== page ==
Apple pioneered the idea of a Desktop containing files and folders with the earliest versions of the Mac OS, and the basic idea has not only remained but also been adopted by practically every other computing system.
On a computer, it's hard to tell at a glance if a machine is chock-full of stuff. The Desktop might be neat and tidy, but just a few folders down the system could be overflowing with files.
Get the info
The Get Info window is your best friend when it comes to looking at the sizes of items on your Mac. You can select any item and press [Apple]+[I] to view its properties.
You can also view an item's size if you Quick Look a folder or drive in OS X 10.5 by pressing [Spacebar]. If you open any Finder window and choose List view, you can click the Size column to order the items by size, though you may have to activate View > View Options > Calculate All Sizes to force OS X to display folder sizes initially.
It may take a moment to update itself, but this will give you an overview of the biggest folders on the system, which are likely to be your User, Applications and Library folders. Within your User folder, probable culprits for clutter include your Documents folder plus all media folders – Music, Pictures and Movies. The more you work with any particular media, the more likely that folder is to be full.
OS X and the apps that run on it sometimes decide where to store things on the hard drive, because, in most cases, you wouldn't want to be prompted every couple of minutes and asked what you thought. These things build up over time and take up valuable space.
There are several usual suspects when it comes to gradual build-up, but they are easy to identify. If you use Apple Mail, you can soon accrue a lot of mails and, with attachments, these can start to take up more space than you realise. Go to your Home folder > Library > Mail and perform a Get Info on the Mail folder to see its size.
You may also see a Mail Downloads folder, containing those attachments you have chosen to save using Mail's Save button. Note that this isn't the best place to delete mail, just to view its size. To delete messages, open Mail and drag the relevant messages to the Trash folder, then empty it using Mailbox > Erase Deleted Messages or by right-clicking on the Trash folder.
To sort the messages and see all those with attachments – likely to be the largest in size – right-click in Mail's Subject bar and choose to view attachments, then click the new Attachments column to sort the list. Remember that if you're unsure about deleting mail, you can drag the messages into a folder on the Desktop first and burn it to a disc.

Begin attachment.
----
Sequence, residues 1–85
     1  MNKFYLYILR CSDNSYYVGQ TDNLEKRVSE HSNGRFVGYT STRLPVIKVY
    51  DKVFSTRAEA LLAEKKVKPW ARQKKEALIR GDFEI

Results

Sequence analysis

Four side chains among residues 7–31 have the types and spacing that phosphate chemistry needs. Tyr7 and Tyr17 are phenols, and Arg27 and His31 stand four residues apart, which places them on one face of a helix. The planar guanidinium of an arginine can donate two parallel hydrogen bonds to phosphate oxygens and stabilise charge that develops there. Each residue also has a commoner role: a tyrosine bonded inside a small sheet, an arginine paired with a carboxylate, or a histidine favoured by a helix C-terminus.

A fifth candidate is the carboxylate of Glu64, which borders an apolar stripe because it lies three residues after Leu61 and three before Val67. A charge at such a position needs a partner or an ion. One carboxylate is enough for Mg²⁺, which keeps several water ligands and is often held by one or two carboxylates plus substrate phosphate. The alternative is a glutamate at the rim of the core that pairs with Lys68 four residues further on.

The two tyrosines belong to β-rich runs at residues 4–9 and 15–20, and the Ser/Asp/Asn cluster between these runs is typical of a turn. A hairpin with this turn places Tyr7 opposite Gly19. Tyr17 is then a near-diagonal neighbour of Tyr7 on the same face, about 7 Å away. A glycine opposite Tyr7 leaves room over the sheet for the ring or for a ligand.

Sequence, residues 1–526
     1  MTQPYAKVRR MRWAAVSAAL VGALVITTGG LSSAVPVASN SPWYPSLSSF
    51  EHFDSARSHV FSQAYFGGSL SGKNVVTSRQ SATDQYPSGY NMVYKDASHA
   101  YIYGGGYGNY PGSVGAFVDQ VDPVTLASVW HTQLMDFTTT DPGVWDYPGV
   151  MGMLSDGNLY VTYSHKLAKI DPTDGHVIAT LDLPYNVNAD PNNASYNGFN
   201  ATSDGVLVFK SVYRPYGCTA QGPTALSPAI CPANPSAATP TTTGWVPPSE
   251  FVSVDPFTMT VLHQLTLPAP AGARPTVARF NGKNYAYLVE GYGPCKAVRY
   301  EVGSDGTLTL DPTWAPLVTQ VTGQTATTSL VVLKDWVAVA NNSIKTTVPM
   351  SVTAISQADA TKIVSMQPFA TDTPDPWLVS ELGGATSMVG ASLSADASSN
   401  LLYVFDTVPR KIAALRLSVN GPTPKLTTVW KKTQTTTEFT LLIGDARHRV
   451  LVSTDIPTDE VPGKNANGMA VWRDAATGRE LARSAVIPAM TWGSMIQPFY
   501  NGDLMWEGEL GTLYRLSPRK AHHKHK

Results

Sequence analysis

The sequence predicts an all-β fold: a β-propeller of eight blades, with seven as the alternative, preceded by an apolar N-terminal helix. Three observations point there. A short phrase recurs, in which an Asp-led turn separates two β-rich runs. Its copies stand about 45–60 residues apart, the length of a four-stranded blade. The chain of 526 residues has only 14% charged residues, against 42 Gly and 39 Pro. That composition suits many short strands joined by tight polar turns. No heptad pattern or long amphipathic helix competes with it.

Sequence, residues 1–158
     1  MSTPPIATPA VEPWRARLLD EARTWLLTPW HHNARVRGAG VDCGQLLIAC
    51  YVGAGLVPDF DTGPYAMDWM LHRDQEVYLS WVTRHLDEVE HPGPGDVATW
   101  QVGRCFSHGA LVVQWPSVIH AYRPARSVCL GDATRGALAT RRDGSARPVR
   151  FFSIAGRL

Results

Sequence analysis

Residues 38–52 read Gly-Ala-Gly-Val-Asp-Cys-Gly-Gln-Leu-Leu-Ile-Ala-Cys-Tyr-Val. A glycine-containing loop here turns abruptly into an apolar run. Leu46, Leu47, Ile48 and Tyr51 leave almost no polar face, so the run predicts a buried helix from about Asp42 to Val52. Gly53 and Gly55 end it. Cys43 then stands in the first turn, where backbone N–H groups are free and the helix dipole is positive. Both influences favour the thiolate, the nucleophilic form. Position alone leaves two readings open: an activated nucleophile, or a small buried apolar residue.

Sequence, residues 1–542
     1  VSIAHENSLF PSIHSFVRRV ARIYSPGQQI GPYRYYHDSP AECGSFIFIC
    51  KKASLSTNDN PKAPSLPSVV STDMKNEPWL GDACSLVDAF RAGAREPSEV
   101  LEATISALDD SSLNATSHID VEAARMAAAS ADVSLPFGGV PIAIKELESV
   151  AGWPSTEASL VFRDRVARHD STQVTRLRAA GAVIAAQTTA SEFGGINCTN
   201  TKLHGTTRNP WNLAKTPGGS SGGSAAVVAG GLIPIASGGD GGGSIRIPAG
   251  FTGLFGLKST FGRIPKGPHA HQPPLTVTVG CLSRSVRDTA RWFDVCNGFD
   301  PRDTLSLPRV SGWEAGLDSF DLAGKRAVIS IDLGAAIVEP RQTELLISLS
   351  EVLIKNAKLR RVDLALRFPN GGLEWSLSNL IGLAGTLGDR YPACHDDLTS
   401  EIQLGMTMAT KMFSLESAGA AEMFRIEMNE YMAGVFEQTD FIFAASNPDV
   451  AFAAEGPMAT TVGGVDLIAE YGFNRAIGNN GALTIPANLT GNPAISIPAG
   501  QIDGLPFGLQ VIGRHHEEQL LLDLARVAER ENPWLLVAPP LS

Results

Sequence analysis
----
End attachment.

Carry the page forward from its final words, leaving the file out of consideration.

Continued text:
Microsoft Entourage keeps its mails in a big, monolithic database file, so the same procedure is necessary – drag mails to the Trash in Entourage and empty it.
Keep an eye on iLife
Each iLife app has its own Trash bin. So even if you empty the main Trash, deleted material from iLife programs may remain. To delete this material, locate the Trash in iPhoto, iMovie, iDVD and the others and manually empty it. Sometimes the Trash isn't obvious – in iDVD, choose Advanced > Delete Encoded Assets.
iTunes is a space hog; music, videos and podcasts linger even if they're never played. Find out whether you have iTunes set to copy music when you add it. Go to Preferences > Advanced and look for Copy files to iTunes Music folder when adding to library.
If this is switched on and you have been dragging folders of music into iTunes, it will have been duplicated; iTunes will be playing the version it placed into the music folder, not the original. In this case, locate the originals by running a Find and delete them.
If this option is off, iTunes will be playing the originals, wherever they are, so be careful what you delete. Deleting tracks from playlists in iTunes doesn't remove them from the library.
To permanently remove them you need to go to the main Music list at the top-left and delete them from there. This also applies to videos which you can delete from the Movies section, and both techniques must also be used on iPods to permanently delete material, unless you have syncing switched on.
Podcasts can also become terrible space hogs, so manually delete these from the Podcasts section, and also use the Podcast Settings menu to make iTunes only keep recent episodes. If you want to back up music, podcasts or videos, either drag them to Finder and burn to disc, or burn via the File > Library > Back up To Disc command in iTunes.
How to find large files using WhatSize
1. Download and install WhatSize from the disc. The license allows unlimited measuring and the free trial allows up to 20GB of measurement. Physical volumes are shown at the top-left and major folders displayed beneath them. Select a drive and the program will begin to measure it. Folders shown in red are waiting to be calculated.
2. Folders are listed in order of size and shown in Column view so it's easy to spot the space hoggers. Here, for example, the GarageBand loops are taking up over a gigabyte of space. If you want you can select a folder and use the delete command in WhatSize, though you should be careful not to throw away anything vital to the system.
3. There are several views available including a pie chart option to show you how space is used. Laptop users note: the large sleepimage file in private > var > vm is normal and does not need to be deleted. This is a file equivalent to the amount of RAM that your laptop uses to preserve data in the event of a battery drain.
Freeing up space
Once you have identified the culprits that are eating up space on your Mac's hard drives, it's time to do something about it.
Some data you can delete, but before deleting you may want to back it up, either for safety reasons or because it's data that you still need but you don't need immediate access to.
Old work and email files, old pictures and finished projects are all examples of material that needs to be archived. If you are running OS X 10.5 you will be able to take advantage of Time Machine, which performs incremental backups and will let you find items even if they've since been deleted from your main drive.